Local casinos' slot machine payouts keep dropping

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Statistically speaking, slot machine gamblers are losing more than ever before at the two casinos in southwestern Pennsylvania.

Payouts from slot machines at both the Rivers Casino on the North Shore and The Meadows Racetrack and Casino in Washington County dropped below 90 percent in February, according to statistics provided by the Pennsylvania Gaming Control Board.

It marked the first time since Rivers Casino opened in August 2009 that payouts have fallen that low. It was the second time it has happened at The Meadows, the first being in January.

At Rivers Casino in February, slot machines on average paid out 89.7 cents for every dollar gambled. Or put another way, gamblers on average lost 10.3 cents for every dollar they wagered.

Since the casino's 2009 opening, payoff percentages have been steadily dropping, from a high of 91.84 percent in October 2009 to 89.77 percent in February.

The payout percentage at the Rivers was the second lowest in the state, ahead of Harrah's Chester in Delaware County at 89.44 percent.

At The Meadows in February, slots gamblers on average lost a fraction more than 10 cents for each dollar wagered. Machines on average paid out at 89.93 percent. In January, it was slightly better at 89.99 percent.

In January and February, both casinos rang up payout percentages that were lower than the statewide averages of 90.2 and 90.08 percent, respectively. Like Rivers, payout percentages at The Meadows have been declining since the casino opened in June 2007. The high was 91.98 percent that first month.

While the statewide average topped 90 percent in February, six of the 10 casinos in Pennsylvania had slot machine payout percentages below that, in a range from 89.9 percent to 89.44 percent.

Under state law, slot machines on average must pay out at least 85 cents on each dollar wagered.

Officials at Rivers and The Meadows casinos attributed the drop in the percentage to the advent of live table games last July.

That prompted both casinos to drastically slash the number of electronic table games, all of which were classified as slot machines but with much higher payout percentages than a typical slot machine.

Rivers Casino reduced the number of electronic table games from 16 units with 80 seats -- each a separate slot machine -- to six units with 30 seats. The Meadows went from 12 units with 60 seats to three with 15. Meadows spokesman Dave La Torre said some of those machines paid out as much as 99 cents for each dollar wagered.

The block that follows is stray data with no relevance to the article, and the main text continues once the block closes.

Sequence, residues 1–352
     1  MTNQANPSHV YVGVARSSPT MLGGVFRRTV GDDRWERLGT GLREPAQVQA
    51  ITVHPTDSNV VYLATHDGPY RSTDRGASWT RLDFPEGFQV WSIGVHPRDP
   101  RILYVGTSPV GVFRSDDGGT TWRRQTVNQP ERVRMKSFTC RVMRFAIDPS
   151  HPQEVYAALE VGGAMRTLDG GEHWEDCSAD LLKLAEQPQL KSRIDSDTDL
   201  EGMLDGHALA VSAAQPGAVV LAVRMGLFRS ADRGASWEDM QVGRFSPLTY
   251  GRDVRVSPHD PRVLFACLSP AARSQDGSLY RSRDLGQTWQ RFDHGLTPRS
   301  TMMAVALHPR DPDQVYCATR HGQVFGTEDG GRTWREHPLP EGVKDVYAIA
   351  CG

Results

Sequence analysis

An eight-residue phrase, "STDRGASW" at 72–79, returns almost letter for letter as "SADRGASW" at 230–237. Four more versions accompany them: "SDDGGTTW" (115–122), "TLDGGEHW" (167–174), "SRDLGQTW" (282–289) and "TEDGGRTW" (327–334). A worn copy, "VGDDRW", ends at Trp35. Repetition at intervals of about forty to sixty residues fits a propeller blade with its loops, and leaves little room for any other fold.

When they were removed, it caused the casino's overall payout percentage to decline, officials said.

"It's a big reason," Mr. La Torre said. "When you take 45 of your highest payout machines off the floor due to inactivity, that certainly has an impact."

Despite the drop in the overall payout percentage, Corey Plummer, Rivers' vice president of gaming, said nothing much has changed for the vast majority of gamblers who play regular slot machines. Those gamblers on average are not winning or losing any more today than they were before table games arrived last summer, he said. The casino, he added, has not reduced the overall payout percentages on its slot machines.

"For the regular slots player, nothing has changed," he said.

Nonetheless, the Rivers still posted some big revenue numbers in February, with the casino's so-called "average daily win" per slot machine ranging from $251.38 to $308.27, one of its the highest ever.

Mr. Plummer said one reason the casino has experienced an overall decline in payouts since it opened is that it has added more of the penny and 2-cent games that are popular with gamblers. Those lower denomination games typically have lower payout percentages than quarter, dollar or other higher denomination machines.

At Rivers Casino Thursday, some weren't buying the table game explanation.

"I don't believe it," said Russ Companion of Natrona Heights, who plays slot machines at the casino twice a week. "I just think they got you sucked in and you're going to come down [to play]. You're addicted."

Told of the casino's reasoning, a West Mifflin woman playing slots smiled and then replied, "What I know, I know. I know they're paying less and it's few and far between."

The woman, who did not want her name used, said she has noticed a decline in payouts since she started wagering at the casino after it opened. "Absolutely, they're not paying out as much. The same thing down at The Meadows," she said.

Rhonda Dzudan of Tarentum said she also has noticed a difference in the way machines have been paying out. "In my opinion, it never was very good. But it's a little worse now," she said.

Joseph Weinert, senior vice president of Spectrum Gaming Group, an industry consultant, said such views are probably more perception than reality. He said it would be very hard to tell the difference between payout percentages that vary a point or two.

"For gamblers to notice a difference between a 90 percent payout and a 93 percent payout, they would have to play slot machines until they're brain dead," he said.

Mr. Weinert believes that a prime factor in the overall reduction in the payout percentage at the Rivers and Meadows and other casinos in the state is the reduction in the number of electronic table games. He said another factor that could influence payouts is the number of promotional slots credits issued by a casino.

Overall, for the past 12 months ending in February, slot machine payouts at casinos on the East Coast averaged 91.06 percent, according to Spectrum. In Pennsylvania, it was 90.53 percent. At Rivers and The Meadows, it was 90.42 and 90.37 percent, respectively.

Those numbers were still higher than West Virginia, where the average payout statewide was 89.93 percent.


Mark Belko: mbelko@post-gazette.com or 412-263-1262.


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